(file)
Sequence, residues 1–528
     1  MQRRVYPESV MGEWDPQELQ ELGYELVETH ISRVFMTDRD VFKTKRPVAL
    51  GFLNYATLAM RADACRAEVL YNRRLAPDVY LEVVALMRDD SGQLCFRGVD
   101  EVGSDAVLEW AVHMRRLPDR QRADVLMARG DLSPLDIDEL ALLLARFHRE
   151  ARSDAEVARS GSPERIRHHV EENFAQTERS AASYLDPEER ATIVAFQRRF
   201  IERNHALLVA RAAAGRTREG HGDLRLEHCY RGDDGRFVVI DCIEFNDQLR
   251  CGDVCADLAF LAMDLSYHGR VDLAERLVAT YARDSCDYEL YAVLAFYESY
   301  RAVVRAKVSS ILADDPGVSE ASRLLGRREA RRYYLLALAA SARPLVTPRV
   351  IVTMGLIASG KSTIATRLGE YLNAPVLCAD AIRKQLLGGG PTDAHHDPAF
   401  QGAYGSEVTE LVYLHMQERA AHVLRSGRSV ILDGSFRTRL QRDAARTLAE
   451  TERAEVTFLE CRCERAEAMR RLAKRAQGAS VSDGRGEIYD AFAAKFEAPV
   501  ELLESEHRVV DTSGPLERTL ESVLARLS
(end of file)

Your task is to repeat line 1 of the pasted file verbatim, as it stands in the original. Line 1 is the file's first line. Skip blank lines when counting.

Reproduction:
Sequence, residues 1–528